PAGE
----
Meet the Australian Who Wants to Be the World's First Muslim Professional Ballerina
Stephanie Kurlow is not your average teenage girl with a dream of ballet stardom. For one, as much as she practices, she'll never be a "bunhead," a nickname for ballet dancers, owing to their preferred hairstyle.
The 14-year-old Australian is Muslim, making her one of the most prominent hijab-clad ballet dancers around, and she refuses to let her faith get in the way of her life's goal: to dance professionally.
Kurlow, who has been dancing since she was 2 years old, converted to Islam along with her family in 2010. And while she embraced the life change, she worried her new faith would be incompatible with her dancing aspirations. Wearing a hijab and non-formfitting clothes created challenges, and Kurlow could not find a dancing school willing to adapt to her constraints.
But she's decided she won't stop until she's accepted into a school and just started a LaunchGood campaign to crowdfund a year's tuition at a professional dancing school, which will accept her unorthodox requirements.
According to her fundraising page, she's still seeking such a school, but also expressed a dream to start her own "diverse performing arts academy" for those facing similar discriminations. "This school will have special programs for specific religions, support groups for our youth and people who are from disconnected communities," she writes.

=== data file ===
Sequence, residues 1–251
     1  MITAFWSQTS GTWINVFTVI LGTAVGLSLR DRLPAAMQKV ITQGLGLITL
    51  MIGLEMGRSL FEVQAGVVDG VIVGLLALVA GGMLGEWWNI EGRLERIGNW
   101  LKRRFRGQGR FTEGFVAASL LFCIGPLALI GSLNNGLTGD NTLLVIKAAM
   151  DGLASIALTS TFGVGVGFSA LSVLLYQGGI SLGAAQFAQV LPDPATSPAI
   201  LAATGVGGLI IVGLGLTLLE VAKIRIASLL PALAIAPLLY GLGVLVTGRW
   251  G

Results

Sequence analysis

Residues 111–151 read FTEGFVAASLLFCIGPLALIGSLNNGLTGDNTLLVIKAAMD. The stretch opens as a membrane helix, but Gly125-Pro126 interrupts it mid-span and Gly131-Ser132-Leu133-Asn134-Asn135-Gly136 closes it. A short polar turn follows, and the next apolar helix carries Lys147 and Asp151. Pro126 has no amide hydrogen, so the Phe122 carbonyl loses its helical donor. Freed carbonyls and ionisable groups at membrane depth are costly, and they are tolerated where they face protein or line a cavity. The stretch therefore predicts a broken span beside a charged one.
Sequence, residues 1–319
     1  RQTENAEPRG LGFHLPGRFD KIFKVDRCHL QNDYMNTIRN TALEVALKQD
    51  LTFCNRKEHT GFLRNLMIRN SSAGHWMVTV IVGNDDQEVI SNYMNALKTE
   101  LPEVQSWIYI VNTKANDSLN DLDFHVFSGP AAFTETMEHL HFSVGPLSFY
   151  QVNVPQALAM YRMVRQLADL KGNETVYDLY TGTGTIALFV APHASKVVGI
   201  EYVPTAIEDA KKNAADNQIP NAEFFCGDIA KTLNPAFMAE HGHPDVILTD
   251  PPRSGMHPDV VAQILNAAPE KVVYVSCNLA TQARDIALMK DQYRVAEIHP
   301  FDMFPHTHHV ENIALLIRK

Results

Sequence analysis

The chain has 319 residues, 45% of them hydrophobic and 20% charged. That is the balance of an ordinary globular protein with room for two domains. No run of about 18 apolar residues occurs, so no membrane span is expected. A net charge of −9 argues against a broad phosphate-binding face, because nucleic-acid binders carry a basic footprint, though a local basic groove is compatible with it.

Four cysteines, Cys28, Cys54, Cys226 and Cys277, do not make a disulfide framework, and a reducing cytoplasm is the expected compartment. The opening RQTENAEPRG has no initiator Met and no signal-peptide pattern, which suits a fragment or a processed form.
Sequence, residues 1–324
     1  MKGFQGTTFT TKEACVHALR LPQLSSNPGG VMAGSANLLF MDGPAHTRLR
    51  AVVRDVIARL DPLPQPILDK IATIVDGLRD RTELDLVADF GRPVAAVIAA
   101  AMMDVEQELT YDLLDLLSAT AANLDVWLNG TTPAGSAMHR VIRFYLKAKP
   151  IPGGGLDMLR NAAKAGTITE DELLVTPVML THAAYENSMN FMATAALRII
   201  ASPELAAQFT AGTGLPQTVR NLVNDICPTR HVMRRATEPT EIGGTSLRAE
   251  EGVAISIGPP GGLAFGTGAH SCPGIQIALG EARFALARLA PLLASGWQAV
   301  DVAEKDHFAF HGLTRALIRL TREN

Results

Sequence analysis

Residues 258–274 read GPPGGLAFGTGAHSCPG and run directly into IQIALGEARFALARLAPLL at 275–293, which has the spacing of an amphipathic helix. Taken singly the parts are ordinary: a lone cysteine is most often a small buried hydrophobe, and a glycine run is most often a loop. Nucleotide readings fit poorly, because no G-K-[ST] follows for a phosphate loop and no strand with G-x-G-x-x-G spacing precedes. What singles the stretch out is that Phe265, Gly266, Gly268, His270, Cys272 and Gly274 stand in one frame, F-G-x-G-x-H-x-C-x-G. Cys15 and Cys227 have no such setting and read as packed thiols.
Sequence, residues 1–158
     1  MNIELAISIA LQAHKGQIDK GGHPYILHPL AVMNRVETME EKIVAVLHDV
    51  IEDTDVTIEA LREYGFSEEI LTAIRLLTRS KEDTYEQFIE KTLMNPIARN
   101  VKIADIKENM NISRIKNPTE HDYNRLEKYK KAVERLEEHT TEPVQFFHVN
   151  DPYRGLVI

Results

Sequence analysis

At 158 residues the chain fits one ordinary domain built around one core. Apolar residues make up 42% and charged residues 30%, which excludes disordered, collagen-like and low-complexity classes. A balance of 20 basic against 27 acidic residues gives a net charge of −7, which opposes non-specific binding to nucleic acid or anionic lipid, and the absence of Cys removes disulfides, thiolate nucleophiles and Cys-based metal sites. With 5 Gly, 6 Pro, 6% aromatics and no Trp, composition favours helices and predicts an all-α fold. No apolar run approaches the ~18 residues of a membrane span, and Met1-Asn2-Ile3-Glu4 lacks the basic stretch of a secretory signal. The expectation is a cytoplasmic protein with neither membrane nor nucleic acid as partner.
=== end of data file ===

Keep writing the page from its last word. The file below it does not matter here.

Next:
Converting to Islam "brought so many positive aspects in my life, but I stopped performing because we thought there would be no way of myself becoming a professional ballerina as there were no facilitations or services targeted at Muslim girls," she adds.
Kurlow lives with her Australian father, Russian mother and siblings in Campsie, a suburb of Sydney. If she's able to meet her goal of $10,000 AUD (around $7,000), she'll train full time at a ballet school, dancing 30 to 45 hours per week. As of this writing, the campaign, launched Jan. 27, has brought in roughly $740.
Kurlow noted the recent rise in professional sportswomen of color inspired her to pursue her dream. The emergence of leading female African-American ballerinas, such as Michaela DePrince and Misty Copeland, and hijabi Emirati weightlifter Amna Al Haddad, also a first, have encouraged her to persist.
"I've gotten those looks or those little whispers from people saying that I can't do it, and there are some parts of the ballet world that only see me for the clothes I wear or the beliefs I have," Kurlow told the Sydney Morning Herald.
"But this means everything to me. I think I can bring people together through dance and inspire some young people from different races that might be a bit disengaged."